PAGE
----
September 18, 2020
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September 18, 2020


September 18, 2020 | By Colin O Jarrett |

Former Cabinet Minister and General Secretary of the People’s National Party, PNP, Jamaica Dr Donald Keith (DK) Duncan died on Thursday September 17, 2020 at the University Hospital of the West Indies, Jamaica.

The 80-year-old Dentist was recovering in hospital after being admitted last month after testing positive for COVID-19.

Prime Minister Andrew Holness acknowledged Duncan’s stature in Jamaican politics, underscoring that he was a force to be reckoned with. He said Dr Duncan was a passionate man who played a key role in shaping the politics of Jamaica during his time.

Former Prime Minister P.J. Patterson hailed his late Comrade whose contributions to the PNP he described as “substantial and legendary”.

“His commitment to political and social change through service is the hallmark of his long and impactful political career. His unyielding commitment was to the upliftment of the masses, to elevate and inspire Jamaica’s underprivileged and marginalised people with whom he had an abiding affinity,” Patterson said in a statement on Thursday evening.

Dr Duncan, who was a dentist in Brown’s Town for many years, was the PNP Campaign Manager for St Ann North Western constituency local government elections. He later served as Campaign Manager in the general elections of 1967 and 1972.

As a graduate of the prestigious McGill University in Canada, Dr Duncan had been among a group of bright, driven radicals of that era who wanted to transform Jamaica through socialism to serve the masses, the majority of whom were black and underprivileged. The political party was the vehicle to accomplish the mission in a fiercely ideological era where the forces of communism and capitalism converged.

Duncan gained an enviable reputation for being a political strategist and executioner and is credited with helping to develop the PNP’s electioneering strategy that propelled Michael Manley into power in 1972. He was appointed Minister of National Mobilization and Human Resource in 1977.

One of Jamaica’s radical and influential politicians represented the constituencies of St Andrew East Central between 1976 and 1980 and Hanover Eastern between 2007 and 2016.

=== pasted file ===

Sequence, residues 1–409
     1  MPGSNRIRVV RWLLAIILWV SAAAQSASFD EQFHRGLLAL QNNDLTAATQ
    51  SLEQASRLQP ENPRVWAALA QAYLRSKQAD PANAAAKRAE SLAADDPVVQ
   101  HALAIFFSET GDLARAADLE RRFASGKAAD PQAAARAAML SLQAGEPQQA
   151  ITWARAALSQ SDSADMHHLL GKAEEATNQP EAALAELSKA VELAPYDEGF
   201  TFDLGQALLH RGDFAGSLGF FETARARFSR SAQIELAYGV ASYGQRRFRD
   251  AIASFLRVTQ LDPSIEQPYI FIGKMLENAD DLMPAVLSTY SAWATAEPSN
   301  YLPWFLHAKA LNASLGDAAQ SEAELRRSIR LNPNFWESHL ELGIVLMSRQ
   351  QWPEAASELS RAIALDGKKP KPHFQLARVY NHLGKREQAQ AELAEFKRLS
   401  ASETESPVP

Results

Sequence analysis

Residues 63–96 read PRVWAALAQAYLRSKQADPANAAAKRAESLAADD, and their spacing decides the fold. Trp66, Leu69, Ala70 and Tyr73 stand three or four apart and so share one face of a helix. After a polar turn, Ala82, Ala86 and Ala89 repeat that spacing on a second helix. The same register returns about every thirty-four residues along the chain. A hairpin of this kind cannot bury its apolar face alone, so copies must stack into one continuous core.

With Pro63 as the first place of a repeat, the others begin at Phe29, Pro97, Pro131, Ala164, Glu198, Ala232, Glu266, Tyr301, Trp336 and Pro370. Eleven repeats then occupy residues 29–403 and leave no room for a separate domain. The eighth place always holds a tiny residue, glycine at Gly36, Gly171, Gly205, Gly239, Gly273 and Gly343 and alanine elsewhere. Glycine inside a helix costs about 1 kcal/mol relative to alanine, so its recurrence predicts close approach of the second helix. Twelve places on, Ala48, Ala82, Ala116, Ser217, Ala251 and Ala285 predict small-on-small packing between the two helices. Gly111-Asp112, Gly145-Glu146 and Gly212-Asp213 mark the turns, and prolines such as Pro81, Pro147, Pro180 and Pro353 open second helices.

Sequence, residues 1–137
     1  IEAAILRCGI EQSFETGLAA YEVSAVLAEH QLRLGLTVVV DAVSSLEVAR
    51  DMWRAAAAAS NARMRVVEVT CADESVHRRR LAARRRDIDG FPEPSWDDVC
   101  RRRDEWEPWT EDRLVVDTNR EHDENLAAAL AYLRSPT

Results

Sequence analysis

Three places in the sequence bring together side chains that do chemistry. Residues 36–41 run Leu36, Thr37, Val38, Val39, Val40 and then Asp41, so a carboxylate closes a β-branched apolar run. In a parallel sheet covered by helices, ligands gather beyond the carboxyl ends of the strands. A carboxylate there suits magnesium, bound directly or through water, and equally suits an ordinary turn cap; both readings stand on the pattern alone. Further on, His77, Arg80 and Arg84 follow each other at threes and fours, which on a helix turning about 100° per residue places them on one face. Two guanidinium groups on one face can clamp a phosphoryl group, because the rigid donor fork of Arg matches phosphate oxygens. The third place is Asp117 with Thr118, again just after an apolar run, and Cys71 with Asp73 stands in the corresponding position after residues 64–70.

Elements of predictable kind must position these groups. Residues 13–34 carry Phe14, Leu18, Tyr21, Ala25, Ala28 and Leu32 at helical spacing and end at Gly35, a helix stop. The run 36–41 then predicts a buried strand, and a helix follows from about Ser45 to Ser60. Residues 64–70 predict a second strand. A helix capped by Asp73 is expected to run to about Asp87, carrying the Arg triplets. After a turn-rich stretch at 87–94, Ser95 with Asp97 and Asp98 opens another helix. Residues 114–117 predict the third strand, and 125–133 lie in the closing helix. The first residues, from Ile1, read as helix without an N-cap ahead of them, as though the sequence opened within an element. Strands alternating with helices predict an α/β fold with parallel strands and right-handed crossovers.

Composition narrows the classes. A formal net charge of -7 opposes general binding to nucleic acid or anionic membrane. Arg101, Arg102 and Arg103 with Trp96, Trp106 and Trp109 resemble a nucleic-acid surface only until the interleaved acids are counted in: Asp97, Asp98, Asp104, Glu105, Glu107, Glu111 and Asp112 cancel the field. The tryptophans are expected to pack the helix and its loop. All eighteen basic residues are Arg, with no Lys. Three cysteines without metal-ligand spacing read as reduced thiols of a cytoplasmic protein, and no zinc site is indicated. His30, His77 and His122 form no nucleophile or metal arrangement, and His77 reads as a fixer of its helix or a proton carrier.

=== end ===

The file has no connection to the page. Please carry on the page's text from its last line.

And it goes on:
“He was very analytical. He was one of the first persons to use scientific data. He would try and get information from the ground to know what was going on in order to plan. In other words, he didn’t start planning from his head,” Paul Burke, former PNP general secretary, said on Thursday.

Duncan succeeded Ken Chin-Onn as PNP general secretary in 1974. It was a post he held until 1981, shortly after the PNP lost the 1980 election in a landslide victory.

Burke described the defeat of the PNP in 1980 when Duncan was general secretary of the party as an “electoral defeat as well as a military defeat”.

In the 1990s, Duncan and Golding forged the New Beginning Movement, which then blossomed into the National Democratic Movement.

Burke contends that Duncan left the PNP because it had veered too much to the centre of political ideology.

“He wanted good for Jamaica, and he felt that somehow, elements inside the PNP and JLP who were disenchanted could come together in the NDM, could come together and create a new and different society,” Mr Burke said.

Duncan’s family, many of whose careers span politics and businesses, described the late political stalwart as a “deeply caring” man who “lived with a generosity of heart”.

The family, including JMMB execs Donna Duncan and Keith Duncan, said: “DK, husband, father, grandfather, great-grandfather, brother, uncle, and our bona fide friend was a giant for us. He had a special relationship with his four brothers.”

He leaves behind wife Dr Beverley Manley-Duncan, Children Imani Duncan-Price, Patricia Duncan-Sutherland, Keith Duncan, head of the Private Sector Organisation of Jamaica, Donna Duncan-Scott, Dr Josina Duncan and David Duncan, relatives and a host of friends locally, globally and internationally.

May his soul rest in peace.

Contributed by HE Prof Colin O Jarrett

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